When diving into an innovation project, it’s important to start with the desired outcome in mind. People need to get their heads wrapped around what to do with all the technology that’s now available to legal ... beyond the hype. You’ve got to be practical. You’ve got to figure out what outcome you want to achieve and, definitely leverage technology, but only in a way that is efficient and practical. It’s not just a matter of flipping a switch (buying a piece of kit). Getting overly excited about the latest tech without a proper plan can be as bad as running on spreadsheets.
Part of the challenge in striking the right balance between pragmatism and innovation is the pace of change in this day and age. The pace has accelerated so rapidly in the last few years, and the technology and innovation cycles are getting shorter and faster. This makes it difficult for people to make strategic decisions that they feel comfortable staking their reputations on. The concept of a strategic long-term plan, something many legal departments work on for years and spend many more years implementing, is made all the more complex by these rapid innovation cycles.
Compounding this, it is often the case that more senior people who tend to make the decisions are most comfortable with what they know or what they’ve experienced in getting to where they are in their careers. Nostalgia for what has worked in the past conspires with notoriously slow corporate buying cycles to keep legal departments limited to aging technology or wondering if it is better to just wait and see what the future holds. Because of this, the speed at which new technology gets released is outpacing the ability for people to accept and adopt it. This makes pragmatism especially important.
Being pragmatic is all about being realistic and honest about what your organization can “digest” in terms of change. What is your starting point? If you have software already in place, does that fact make it easier or harder to put in new systems. Perhaps your people are technically savvy and used to using systems, so the transition to something more modern could be smooth. Or, perhaps they’re set in their ways in using the existing system and a change would cause even more drama than if you had nothing at all. Other questions to ask when thinking of trying to justify, buy and implement a new piece of technology:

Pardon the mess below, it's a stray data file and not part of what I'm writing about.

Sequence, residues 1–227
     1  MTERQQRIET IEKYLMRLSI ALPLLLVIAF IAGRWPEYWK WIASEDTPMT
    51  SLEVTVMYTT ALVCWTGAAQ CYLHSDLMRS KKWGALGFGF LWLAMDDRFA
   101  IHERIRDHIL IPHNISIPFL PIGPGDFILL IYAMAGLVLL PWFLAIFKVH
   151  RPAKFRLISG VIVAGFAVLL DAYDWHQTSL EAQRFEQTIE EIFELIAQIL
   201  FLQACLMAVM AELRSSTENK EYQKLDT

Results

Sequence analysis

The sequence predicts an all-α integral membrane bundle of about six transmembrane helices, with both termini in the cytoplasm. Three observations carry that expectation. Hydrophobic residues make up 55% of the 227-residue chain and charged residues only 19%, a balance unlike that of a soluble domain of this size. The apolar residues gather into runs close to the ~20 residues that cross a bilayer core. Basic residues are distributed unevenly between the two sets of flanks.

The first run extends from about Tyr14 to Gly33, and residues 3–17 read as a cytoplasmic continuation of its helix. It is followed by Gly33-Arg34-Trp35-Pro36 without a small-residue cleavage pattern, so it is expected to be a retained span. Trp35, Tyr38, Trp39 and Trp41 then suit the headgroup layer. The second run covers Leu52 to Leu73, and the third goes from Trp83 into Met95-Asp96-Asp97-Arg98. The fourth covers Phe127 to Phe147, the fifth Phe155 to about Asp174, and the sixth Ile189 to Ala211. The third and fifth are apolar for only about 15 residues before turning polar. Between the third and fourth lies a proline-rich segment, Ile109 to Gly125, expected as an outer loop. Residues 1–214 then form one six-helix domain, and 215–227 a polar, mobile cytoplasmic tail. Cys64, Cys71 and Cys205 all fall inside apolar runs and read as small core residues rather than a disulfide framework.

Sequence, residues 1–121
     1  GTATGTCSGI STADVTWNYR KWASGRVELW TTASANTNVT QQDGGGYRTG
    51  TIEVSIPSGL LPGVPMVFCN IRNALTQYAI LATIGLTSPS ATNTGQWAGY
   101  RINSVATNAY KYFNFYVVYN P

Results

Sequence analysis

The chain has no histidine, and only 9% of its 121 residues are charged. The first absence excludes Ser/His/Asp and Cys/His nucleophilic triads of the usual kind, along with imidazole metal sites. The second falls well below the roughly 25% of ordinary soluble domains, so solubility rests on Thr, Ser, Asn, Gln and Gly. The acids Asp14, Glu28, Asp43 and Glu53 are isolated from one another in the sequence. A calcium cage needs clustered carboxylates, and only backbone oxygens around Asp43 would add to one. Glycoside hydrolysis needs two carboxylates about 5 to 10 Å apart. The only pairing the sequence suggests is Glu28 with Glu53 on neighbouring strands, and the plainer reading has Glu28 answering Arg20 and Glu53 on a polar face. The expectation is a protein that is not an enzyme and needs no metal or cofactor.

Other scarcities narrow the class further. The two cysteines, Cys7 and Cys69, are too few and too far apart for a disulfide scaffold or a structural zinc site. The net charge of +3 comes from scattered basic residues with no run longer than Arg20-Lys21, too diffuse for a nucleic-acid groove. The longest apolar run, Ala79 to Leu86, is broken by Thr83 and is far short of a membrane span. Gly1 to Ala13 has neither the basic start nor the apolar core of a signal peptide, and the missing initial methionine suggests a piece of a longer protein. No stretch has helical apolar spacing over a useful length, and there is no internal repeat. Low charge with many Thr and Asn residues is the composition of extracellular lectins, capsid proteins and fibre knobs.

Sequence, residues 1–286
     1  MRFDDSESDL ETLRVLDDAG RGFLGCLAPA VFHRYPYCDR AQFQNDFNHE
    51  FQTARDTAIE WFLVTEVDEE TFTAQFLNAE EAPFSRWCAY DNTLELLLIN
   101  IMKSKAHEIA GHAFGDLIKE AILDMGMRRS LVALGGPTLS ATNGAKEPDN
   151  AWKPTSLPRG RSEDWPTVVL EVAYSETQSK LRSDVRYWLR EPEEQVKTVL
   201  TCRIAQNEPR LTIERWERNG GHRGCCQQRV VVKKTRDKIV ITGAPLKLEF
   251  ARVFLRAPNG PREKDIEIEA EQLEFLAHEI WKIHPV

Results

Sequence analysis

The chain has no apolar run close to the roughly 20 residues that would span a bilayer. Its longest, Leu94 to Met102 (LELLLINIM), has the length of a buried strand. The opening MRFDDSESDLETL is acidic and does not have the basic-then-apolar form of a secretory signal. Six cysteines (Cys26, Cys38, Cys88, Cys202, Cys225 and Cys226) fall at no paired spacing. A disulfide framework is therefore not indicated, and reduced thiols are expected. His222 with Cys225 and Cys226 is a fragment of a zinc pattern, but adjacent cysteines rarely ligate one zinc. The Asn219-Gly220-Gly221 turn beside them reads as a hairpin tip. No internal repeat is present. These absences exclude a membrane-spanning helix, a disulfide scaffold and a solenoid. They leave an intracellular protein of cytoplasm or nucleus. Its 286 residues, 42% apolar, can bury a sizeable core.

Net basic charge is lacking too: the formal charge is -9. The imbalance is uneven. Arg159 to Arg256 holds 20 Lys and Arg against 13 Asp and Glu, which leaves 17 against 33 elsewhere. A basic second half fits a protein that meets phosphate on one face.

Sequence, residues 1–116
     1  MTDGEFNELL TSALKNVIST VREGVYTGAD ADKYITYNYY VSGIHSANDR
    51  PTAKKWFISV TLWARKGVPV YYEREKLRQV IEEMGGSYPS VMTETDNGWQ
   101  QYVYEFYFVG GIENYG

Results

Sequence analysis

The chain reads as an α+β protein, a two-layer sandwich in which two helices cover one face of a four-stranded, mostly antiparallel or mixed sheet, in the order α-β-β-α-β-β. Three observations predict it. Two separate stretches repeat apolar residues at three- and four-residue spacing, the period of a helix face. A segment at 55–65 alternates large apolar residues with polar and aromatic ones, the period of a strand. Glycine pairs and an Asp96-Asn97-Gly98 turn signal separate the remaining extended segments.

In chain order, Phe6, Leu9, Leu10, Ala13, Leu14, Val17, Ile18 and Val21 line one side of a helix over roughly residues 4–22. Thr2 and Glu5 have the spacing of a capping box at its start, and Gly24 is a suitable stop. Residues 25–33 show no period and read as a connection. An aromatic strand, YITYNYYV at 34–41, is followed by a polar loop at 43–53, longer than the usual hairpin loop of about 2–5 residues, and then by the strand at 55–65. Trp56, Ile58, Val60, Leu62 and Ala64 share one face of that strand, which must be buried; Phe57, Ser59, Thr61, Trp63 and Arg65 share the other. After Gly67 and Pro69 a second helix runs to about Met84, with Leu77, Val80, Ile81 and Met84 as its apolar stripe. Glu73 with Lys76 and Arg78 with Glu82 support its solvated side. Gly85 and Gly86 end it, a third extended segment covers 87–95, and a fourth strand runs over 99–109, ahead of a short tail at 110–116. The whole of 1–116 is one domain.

What resources are available (people, money, time)?
Can you do this without overburdening your staff?
Does your corporate environment lend itself to accepting change or not?
What are your end goals?
Once you are certain that your end goals are more significant than obtaining the latest and greatest “toy” on the market, you can set about evaluating which of the available “toys” will help you best accomplish them. No one system or tool is the perfect fit for every legal department. That’s why the legal technology market is so big and growing! A ten person department that only deals with matters in one country is significantly different from one with 1,000 people operating globally. A smaller department may have more room to be agile, trying out new things and moving on more easily if it doesn’t work. This is a good reason that large departments might try to pilot new things with small subgroups, expanding tools to the whole department when one is identified that will work for all.
This kind of pilot is often done by regional groups in global departments. While this may seem like the most convenient approach, it can lead to long term difficulty. A more practical approach might be to form a pilot group across regions to avoid having success in one region only to have failure in a global rollout. A good example of this is eBilling. Legal eBilling systems have been around for decades, and most legal departments are still struggling to fully implement them outside of the US.
As technology options become more plentiful, these questions and considerations become all the more important. As exciting as all the new startups are, they may not be what is right for your specific situation. Trying to be cutting-edge in every area may, in reality, set you back rather than drive you forward.
About the Author:
Josie Johnson has over a decade of experience working with solution providers to the in-house legal community. Prior to becoming Chief Marketing Officer for Yerra Solutions, Josie served in marketing leadership roles at three software companies serving the corporate legal and finance markets, including Datacert (now part of Wolters Kluwer), HighRadius and Prodagio.Josie has also worked as a consultant to legal software and service providers through Edge Legal Marketing. She holds a Bachelor of Arts degree from the University of Houston and lives in Houston, Texas with her husband and two children.